With b) the big problems are 1) lack of quality materials which from my experience is not true at least in West Bengal until the 10th standard, probably 12th. 2) translating Indian language scientific knowledge to English in colleges and universities — challenging, but can be done if English is taught well.

    I will take the second set of problems, but I am biased as I do not want all Indian schools to become a).

  17. Dipanjan, I totally agree with you that India’s primary and secondary education system is embarrassingly poor, and needs a massive overhaul.

    I am just not sure that the solution is to teach science in local languages. I fear that this will just produce a cadre of engineers and scientists who may not be able to take advantage of developments elsewhere in the world (where English is the lingua franca :-) or contribute effectively to it.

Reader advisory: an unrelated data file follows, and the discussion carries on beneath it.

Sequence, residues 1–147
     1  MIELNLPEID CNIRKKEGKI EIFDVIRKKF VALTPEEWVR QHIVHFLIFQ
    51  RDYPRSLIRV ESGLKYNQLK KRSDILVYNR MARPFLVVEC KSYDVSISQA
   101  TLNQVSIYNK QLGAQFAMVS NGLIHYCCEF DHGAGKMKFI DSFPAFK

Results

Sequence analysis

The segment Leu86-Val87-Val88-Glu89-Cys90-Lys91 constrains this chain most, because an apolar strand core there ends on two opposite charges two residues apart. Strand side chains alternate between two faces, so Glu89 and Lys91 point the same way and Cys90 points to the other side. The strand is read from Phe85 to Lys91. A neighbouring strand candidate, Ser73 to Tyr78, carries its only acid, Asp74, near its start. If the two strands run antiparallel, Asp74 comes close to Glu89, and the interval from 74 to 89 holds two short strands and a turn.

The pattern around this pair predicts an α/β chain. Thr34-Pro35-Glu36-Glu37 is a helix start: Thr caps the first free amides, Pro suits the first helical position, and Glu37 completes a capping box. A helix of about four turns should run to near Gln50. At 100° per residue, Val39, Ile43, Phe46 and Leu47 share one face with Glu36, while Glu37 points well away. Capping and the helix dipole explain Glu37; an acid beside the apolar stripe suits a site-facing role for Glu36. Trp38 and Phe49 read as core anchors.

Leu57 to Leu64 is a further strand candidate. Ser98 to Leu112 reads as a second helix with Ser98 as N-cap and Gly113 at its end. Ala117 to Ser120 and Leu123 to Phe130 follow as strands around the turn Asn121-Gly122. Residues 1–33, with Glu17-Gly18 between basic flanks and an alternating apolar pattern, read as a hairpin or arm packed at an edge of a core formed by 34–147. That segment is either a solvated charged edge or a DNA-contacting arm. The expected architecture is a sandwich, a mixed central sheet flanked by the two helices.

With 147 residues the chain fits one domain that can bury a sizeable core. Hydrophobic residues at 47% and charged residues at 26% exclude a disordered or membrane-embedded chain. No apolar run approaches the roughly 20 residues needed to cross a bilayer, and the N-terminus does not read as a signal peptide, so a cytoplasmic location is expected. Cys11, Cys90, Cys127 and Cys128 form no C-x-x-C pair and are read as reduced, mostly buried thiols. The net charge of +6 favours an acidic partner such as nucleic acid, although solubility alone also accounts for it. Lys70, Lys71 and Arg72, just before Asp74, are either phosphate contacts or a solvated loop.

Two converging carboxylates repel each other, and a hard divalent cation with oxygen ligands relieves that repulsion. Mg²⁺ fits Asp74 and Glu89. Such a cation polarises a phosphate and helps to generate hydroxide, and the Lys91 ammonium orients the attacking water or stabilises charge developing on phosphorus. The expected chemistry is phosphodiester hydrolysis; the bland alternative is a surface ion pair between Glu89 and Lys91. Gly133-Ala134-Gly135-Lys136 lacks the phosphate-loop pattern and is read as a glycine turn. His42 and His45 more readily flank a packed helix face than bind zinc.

One hope that I have is that as India grows its manufacturing sector (which it is focusing on now, in its own organic way), the boats of the poor people will be lifted and allow them access to better resources, both for education, and for health.

  18. Dipanjan,

    Will teaching Chemistry in Bangla also make Bengalis more patriotic? I have seen some stats that show that West bengal contributes the least number of personnel to the Indian armed forces proportionate to the population. Apparently Kolkata’s bhadra log are happy sitting around unemployed in college street talking about Marx and Lenin but they won’t ever enlist.

  19. Dipanjan #67:

    Thanks for the detailed breakdown (with numbers and all). I knew that regional language instruction was common and widespread in some states.